History of ILO’s work

The ILO was established in 1919 at the end of the First World War to address social peace. This is reflected in its Constitution, which states that “there can be no lasting peace without social justice”.

Initially, the ILO was concerned with the situation of indigenous and tribal peoples primarily in their role as workers. As early as 1921, the ILO began to address the situation of so-called “native workers” in the overseas colonies of European powers. Increasingly, it became evident that indigenous peoples were exposed to severe labour exploitation and had a need for special protection in cases where they were expelled from their ancestral domains and became seasonal, migrant, bonded or home-based labourers. One of the outcomes of this recognition was the adoption in 1930 of the ILO’s Forced Labour Convention (No. 29).

Following the creation of the United Nations in 1945, the ILO widened its examination of the situation of indigenous workers, and began to address the broader issues pertaining to indigenous and tribal peoples. In the 1950s, the ILO, with the participation of other parts of the UN system, began to work on the Indigenous and Tribal Populations Convention (No. 107). Convention No. 107 was adopted in 1957 as the first international treaty on this subject. It was eventually ratified by 27 countries, mostly in the Americas, but also in South Asia and in several African and European countries.

As the years went by, certain weaknesses in Convention No. 107 became obvious, particular the underlying assumption that the only possible future for indigenous and tribal peoples was integration into the larger society and that the State should make decisions on their development. With the growing awareness, organisation and participation of indigenous and tribal peoples at the national and international levels during the 1960s and 1970s, these assumptions were challenged. Eventually, the approach of Convention No. 107 was questioned as being integrationist and calls were made to revise and update it. A Committee of Experts, convened in 1986 by the Governing Body of the ILO, concluded that “the integrationist approach of the Convention was obsolete and that its application was detrimental in the modern world.”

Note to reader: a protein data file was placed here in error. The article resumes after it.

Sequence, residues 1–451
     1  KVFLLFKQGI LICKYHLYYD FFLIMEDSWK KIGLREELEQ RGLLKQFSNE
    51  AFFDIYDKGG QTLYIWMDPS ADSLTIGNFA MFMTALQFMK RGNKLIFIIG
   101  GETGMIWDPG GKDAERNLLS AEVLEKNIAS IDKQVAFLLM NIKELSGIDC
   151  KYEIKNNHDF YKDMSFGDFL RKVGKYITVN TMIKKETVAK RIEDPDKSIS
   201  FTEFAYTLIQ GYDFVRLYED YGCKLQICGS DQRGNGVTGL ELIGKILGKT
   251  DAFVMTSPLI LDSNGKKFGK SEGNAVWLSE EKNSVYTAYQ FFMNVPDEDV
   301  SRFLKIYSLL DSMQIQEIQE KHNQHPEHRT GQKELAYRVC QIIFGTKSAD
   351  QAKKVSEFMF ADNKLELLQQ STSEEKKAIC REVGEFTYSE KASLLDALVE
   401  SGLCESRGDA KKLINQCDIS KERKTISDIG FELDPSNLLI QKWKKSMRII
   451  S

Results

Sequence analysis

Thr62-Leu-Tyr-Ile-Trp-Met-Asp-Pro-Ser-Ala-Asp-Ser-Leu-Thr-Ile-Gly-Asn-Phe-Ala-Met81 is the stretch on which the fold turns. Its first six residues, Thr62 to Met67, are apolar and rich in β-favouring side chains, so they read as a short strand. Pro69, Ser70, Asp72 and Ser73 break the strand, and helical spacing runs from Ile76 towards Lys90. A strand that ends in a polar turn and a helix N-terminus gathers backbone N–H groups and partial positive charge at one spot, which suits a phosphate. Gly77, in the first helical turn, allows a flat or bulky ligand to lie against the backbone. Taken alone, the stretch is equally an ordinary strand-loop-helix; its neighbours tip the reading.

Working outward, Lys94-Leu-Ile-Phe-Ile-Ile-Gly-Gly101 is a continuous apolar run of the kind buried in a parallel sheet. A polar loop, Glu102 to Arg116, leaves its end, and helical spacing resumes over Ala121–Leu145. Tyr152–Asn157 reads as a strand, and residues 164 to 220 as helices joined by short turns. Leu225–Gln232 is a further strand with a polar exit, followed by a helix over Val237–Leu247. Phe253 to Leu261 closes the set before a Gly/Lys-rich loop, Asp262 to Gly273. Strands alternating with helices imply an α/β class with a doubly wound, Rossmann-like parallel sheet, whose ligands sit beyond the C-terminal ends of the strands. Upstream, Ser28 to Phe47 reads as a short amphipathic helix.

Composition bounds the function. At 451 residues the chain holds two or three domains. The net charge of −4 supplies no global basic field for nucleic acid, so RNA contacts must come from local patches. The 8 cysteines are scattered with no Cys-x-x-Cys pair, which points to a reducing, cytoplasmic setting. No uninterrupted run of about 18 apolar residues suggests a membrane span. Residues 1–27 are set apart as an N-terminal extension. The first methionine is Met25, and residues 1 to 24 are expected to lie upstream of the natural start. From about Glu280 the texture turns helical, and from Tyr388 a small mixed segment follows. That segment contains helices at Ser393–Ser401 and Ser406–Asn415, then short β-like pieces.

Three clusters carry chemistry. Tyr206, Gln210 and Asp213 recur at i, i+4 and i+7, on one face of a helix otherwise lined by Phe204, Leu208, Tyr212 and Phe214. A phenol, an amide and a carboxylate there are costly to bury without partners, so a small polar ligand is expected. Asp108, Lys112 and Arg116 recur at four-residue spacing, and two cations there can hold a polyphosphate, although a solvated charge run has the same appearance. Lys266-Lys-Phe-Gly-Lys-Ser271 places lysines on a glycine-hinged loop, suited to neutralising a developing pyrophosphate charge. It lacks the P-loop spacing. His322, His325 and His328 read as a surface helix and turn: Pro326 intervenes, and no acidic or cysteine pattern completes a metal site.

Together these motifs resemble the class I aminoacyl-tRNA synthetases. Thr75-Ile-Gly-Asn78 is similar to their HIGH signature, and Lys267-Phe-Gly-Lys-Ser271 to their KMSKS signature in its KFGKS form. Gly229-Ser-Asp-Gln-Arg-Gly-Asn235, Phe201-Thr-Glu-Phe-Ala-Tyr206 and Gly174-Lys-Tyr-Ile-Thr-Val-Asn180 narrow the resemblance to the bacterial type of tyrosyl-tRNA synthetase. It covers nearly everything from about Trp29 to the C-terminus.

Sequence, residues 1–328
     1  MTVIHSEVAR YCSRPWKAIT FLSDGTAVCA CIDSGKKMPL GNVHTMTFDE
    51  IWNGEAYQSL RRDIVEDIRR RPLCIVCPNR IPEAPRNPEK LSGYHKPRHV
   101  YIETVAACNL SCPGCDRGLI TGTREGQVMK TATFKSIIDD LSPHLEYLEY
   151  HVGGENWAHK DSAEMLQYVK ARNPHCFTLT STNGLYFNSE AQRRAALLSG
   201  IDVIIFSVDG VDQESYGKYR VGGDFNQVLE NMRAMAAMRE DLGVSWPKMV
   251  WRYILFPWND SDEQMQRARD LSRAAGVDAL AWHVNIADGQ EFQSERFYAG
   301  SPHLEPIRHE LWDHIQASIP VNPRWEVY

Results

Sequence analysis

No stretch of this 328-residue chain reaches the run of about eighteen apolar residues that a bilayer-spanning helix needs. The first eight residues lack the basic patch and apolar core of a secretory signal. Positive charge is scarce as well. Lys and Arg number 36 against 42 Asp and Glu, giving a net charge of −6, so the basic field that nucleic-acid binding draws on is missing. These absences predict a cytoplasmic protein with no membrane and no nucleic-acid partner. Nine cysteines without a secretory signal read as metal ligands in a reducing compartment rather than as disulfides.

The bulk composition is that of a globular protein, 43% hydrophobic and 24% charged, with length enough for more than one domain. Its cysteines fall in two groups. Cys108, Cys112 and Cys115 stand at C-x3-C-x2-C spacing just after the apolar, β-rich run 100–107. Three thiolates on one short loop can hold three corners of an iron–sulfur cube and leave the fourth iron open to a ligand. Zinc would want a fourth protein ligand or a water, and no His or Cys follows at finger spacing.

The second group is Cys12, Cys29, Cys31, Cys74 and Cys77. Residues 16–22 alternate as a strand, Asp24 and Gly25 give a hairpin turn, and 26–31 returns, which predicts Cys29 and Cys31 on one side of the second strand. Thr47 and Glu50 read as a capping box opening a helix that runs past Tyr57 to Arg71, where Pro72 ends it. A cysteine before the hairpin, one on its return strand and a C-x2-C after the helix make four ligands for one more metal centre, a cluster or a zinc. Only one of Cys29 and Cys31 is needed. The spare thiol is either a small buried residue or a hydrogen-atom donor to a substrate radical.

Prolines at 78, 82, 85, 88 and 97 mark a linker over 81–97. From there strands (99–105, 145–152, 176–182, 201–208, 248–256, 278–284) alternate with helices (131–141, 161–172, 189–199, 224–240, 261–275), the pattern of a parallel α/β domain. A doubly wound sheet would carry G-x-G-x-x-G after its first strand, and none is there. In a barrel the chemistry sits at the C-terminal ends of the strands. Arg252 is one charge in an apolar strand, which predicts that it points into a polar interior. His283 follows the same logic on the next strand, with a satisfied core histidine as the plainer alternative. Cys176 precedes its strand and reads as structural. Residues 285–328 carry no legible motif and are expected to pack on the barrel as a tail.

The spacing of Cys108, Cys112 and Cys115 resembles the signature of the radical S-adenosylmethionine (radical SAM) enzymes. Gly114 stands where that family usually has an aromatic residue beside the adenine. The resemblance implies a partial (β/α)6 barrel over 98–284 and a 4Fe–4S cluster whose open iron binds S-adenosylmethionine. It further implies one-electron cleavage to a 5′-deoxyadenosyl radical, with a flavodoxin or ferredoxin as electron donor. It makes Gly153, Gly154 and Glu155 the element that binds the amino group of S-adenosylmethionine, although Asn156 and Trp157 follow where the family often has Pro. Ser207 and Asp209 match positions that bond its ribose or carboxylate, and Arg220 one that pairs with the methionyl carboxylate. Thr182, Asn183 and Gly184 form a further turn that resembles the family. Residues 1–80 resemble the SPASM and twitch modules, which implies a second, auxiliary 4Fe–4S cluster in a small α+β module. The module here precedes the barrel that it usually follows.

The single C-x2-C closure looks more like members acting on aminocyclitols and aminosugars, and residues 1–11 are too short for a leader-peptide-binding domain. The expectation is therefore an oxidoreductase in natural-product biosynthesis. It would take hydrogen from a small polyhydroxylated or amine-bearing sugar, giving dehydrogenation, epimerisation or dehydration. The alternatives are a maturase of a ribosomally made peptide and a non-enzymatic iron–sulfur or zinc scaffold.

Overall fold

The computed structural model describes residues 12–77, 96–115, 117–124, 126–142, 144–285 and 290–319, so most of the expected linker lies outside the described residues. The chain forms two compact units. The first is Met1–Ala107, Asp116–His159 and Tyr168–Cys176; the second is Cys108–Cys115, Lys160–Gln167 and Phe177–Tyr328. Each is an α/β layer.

In 1988 and 1989, the revision of Convention No. 107 was on the agenda of the International Labour Conference (ILC) and in June 1989, the Indigenous and Tribal Peoples Convention (No. 169) was adopted.

Convention No. 169 is based on a general attitude of respect for the cultures and ways of life of indigenous and tribal peoples and the fundamental assumption that indigenous and tribal peoples constitute permanent societies with a right to determine their own priorities for the development process. The two main principles of the Convention are that these peoples should be consulted and participate in decision-making processes at all levels, as they affect their lives and communities.

As of 2008, Convention No. 169 has been ratified by 19 countries but its influence goes beyond the actual number of ratifications as it is a reference point for discussions and policies on indigenous peoples’ rights in a number of countries and international processes. It sets minimum international standards, while holding the door open for higher standards in countries that can go further. It seeks to bring all those concerned –governments, organizations of indigenous and tribal peoples, and other non-governmental organizations – into the same dialogue.

On 13 September 2007, the General Assembly of the United Nations adopted the Declaration on the Rights of Indigenous Peoples (UNDRIP). UNDRIP reaffirms the importance of the principles and approaches provided for under Convention No. 169. The provisions of Convention No. 169 and UNDRIP are compatible and mutually reinforcing and the aoption of the UNDRIP thus provides a fresh impetus for promoting the ratification and implementation of Convention No. 169.

The ILO’s work in the field of indigenous and tribal peoples falls into two categories: The supervision of Conventions Nos. 107 and 169 and assistance to indigenous and tribal peoples and to governments.

In 1993, Danish International Development Assistance (DANIDA), started an agreement with the ILO to fund the new Interregional Programme to Support Self-Reliance of Indigenous and Tribal Peoples through Cooperatives and Self-Help Organizations, also known as INDISCO. The purpose of the programme was to address social and economic issues of concern to these peoples through pilot-projects on cooperative development and poverty alleviation. The programme now goes under the name of IP/LED (Indigenous Peoples Local Economic Development) and) and continues to alleviate poverty and strengthen the local economies of indigenous peoples in Africa and Asia.

Due largely to the increasing interest in information on Convention No. 169 from Indigenous and tribal peoples, the ILO started the Programme to Promote ILO Convention No.169 (PRO 169) in 1996 with the support of the Danish International Development Assistance (DANIDA). At the time when the project was initiated no country in Africa or in Asia had ratified Convention No.169, therefore it was decided that the focus would be on these regions. With time however, the programme has started to expand its scope. Today there are regional programmes in Africa, South Asia and in Latin America and national programmes or activities in a number of countries, funded by a variety of donors.